Some people are now bringing up Kinor and all that from way back when, but we're not talking about the same sort of beast as referred to in the patent because it wasn't a compressed ecosystem and some of the other future products that were never made were merely intentions, otherwise we'd have "Unlimited Dynamic Range", 16K, 50,000 fps cameras by now, note that was merely an announcement with no developed product in place a year after the RED One was released.

    The innovation here is the technology and method developed which was resulted in the patent and release of the product. It was a unique concept at the time, though the technology was sort of funneling in this direction. It appears RED did it and did it "right" and first within the guidelines of the patented technology. It's clearly been fairly successful as there's been several generations of the cameras since used globally on all sorts of major productions. This is all going to be stuff that's likely taken in account for the Patent Appeal even.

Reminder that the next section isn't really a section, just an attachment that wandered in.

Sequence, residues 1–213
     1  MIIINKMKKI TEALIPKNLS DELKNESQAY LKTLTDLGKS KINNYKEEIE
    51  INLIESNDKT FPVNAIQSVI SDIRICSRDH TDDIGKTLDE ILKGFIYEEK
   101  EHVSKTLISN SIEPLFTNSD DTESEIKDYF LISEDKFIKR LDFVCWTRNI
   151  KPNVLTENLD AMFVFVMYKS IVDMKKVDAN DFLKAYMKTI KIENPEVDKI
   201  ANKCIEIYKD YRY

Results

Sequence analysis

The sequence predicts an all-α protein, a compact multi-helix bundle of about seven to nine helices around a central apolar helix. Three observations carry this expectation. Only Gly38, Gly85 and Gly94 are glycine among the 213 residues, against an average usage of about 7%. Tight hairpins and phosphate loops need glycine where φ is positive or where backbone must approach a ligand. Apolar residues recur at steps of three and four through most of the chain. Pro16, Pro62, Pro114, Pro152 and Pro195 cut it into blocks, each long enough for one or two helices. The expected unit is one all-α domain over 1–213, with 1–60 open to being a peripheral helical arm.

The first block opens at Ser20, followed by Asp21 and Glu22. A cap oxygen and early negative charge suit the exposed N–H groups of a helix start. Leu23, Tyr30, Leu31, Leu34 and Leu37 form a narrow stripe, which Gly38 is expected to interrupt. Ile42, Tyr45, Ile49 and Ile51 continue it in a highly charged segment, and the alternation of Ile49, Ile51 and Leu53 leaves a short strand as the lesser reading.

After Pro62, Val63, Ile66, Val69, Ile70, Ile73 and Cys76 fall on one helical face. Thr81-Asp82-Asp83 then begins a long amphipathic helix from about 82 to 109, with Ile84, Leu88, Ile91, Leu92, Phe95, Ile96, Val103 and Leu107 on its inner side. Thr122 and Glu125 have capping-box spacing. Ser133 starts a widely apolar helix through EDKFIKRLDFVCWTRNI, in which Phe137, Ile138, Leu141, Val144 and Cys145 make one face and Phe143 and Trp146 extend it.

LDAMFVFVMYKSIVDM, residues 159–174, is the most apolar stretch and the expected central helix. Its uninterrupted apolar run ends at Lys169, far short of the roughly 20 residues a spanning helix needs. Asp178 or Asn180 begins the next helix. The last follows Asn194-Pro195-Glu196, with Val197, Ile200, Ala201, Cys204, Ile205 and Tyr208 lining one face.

I think it's clear now that other companies want this tech for themselves without being locked out or incurring ongoing licensing fees. That's my hunch. As to whether it's better for the industry as a whole, effects RED in positive or negative ways financially, and those other "down the line" thoughts; we just have to wait and see.
    Last edited by Phil Holland; 08-18-2019 at 11:46 AM.
    Phil Holland - Cinematographer - Los Angeles
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  5. #35